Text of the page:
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Study finds combined 2D and 3D mammo screening detects 90 percent more cancers

por Lauren Dubinsky, Senior Reporter | June 13, 2018
Women's Health
Digital mammography in conjunction with tomosynthesis detects 90 percent more cancers than 2D alone — but 3D comes with a set of challenges.

According to a new study published in Radiology, those challenges include an increase in overdiagnosis and reading time.

The final results are still pending, but Dr. Paolo Giorgi Rossi of ASUL Reggio Emilia in Italy told HCB News that a relevant increase in overdiagnosis would be very difficult to mitigate.

"This mitigation can only come from less and less invasive treatment for ductal carcinaomas in situ, lesions with uncertain risk of malignancy or low risk cancers," he added.

However, for the reading time there are many promising technologies that could increase performance and sustainability of the screening program. Those include new visualization protocols, faster software, increasing the interval between two rounds of screening, and changing the roles regarding double reading.

"If the improvement in sensitivity is so high and corresponds to an improvement in mortality, there is room for many measures to maintain an acceptable efficiency or even to increase efficiency of screening," said Giorgi Rossi.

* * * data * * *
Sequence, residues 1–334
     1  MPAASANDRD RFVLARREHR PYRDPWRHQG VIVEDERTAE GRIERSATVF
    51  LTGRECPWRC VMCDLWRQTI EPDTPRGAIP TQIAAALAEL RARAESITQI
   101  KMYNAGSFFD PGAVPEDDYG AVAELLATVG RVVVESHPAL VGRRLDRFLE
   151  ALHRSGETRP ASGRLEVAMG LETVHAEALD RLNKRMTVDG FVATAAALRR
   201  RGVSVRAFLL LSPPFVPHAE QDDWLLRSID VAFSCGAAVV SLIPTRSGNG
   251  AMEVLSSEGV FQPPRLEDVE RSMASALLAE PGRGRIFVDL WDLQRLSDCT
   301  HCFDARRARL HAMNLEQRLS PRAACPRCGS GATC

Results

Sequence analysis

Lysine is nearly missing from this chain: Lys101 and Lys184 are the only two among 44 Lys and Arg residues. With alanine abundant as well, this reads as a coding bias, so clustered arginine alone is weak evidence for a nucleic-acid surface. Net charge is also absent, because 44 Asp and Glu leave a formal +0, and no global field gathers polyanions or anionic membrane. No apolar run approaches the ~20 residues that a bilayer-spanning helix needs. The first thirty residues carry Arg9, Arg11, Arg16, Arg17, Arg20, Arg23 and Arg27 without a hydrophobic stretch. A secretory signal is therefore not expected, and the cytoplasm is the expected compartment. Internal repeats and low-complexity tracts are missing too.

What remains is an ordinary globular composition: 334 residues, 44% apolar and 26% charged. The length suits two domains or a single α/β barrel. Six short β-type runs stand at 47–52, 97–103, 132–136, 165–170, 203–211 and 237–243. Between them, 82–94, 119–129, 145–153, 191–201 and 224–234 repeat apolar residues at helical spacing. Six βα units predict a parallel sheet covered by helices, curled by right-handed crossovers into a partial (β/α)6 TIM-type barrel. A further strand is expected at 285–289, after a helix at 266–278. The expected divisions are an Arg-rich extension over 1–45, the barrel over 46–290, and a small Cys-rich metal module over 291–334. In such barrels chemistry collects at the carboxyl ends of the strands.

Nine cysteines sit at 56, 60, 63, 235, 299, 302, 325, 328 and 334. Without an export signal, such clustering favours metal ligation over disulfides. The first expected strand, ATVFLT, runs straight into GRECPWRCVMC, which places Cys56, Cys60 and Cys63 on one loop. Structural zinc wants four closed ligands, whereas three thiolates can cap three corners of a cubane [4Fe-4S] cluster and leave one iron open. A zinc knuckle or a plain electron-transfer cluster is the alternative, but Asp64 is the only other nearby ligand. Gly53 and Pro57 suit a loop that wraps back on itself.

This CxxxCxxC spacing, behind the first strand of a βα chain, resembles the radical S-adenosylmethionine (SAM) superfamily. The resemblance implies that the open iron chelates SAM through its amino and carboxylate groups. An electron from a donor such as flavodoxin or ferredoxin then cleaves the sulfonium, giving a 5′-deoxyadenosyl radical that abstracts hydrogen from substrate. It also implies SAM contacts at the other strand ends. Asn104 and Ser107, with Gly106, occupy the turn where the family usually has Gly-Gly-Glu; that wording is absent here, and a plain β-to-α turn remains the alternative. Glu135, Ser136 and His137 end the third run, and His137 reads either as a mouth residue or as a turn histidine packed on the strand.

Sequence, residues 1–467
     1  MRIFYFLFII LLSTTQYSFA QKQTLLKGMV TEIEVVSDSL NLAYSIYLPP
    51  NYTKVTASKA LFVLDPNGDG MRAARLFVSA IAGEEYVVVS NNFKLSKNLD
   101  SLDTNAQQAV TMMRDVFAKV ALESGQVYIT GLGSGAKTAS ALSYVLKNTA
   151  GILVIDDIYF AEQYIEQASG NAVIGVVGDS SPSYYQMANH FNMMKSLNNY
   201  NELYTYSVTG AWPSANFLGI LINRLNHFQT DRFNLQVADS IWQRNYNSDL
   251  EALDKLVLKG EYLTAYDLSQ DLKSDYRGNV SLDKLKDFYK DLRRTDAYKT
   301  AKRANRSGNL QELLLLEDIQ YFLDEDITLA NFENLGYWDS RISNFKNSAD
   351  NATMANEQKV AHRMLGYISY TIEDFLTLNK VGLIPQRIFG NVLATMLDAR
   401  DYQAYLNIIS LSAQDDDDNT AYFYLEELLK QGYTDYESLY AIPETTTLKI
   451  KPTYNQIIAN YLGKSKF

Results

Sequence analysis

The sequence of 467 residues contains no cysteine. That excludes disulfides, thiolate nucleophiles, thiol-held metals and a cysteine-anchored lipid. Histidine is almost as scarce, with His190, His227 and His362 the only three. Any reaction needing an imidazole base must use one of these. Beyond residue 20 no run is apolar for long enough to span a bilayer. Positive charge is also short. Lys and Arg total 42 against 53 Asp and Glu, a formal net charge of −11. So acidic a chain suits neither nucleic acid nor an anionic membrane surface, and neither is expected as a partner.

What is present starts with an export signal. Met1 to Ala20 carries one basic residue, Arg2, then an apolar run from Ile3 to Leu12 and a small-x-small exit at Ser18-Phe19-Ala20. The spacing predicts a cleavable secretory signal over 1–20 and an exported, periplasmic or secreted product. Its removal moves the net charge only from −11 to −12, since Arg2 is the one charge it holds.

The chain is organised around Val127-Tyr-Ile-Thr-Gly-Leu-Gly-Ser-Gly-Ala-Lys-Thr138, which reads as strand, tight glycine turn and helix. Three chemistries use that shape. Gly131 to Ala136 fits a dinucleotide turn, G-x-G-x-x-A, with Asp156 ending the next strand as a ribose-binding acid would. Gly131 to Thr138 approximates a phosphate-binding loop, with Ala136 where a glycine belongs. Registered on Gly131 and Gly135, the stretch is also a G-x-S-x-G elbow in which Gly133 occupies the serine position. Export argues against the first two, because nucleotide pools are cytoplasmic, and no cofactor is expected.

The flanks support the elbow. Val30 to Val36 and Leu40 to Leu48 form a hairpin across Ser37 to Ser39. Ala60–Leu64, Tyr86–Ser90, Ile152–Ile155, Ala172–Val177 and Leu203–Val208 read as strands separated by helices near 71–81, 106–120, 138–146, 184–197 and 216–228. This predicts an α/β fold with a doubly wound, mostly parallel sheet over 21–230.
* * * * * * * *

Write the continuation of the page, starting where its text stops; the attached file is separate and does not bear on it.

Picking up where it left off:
For the study, Giorgi Rossi and his team compared results between 9,777 women randomized to receive digital mammography and tomosynthesis and 9,783 randomized to undergo digital mammography alone.

They found that the combination of digital mammography and tomosynthesis detected 8.6 cancers per 1,000 cases. That is almost double the 4.5 cancers per 1,000 cancers that digital mammography alone detected.

The team also found that tomosynthesis alone detected 72 of the 80 cancers that digital mammography and tomosynthesis found together. This increased detection rate for combined digital mammography and tomosynthesis was notable for small and medium invasive cancers, but not for large ones.

The new research is part of a preliminary analysis from a larger study in which researchers will be evaluating cancer detected between screening exams and the cumulative incidence of advanced cancers. In order to achieve more precise outcome estimates, the team is promoting a network of ongoing trials across Europe with a similar study design.

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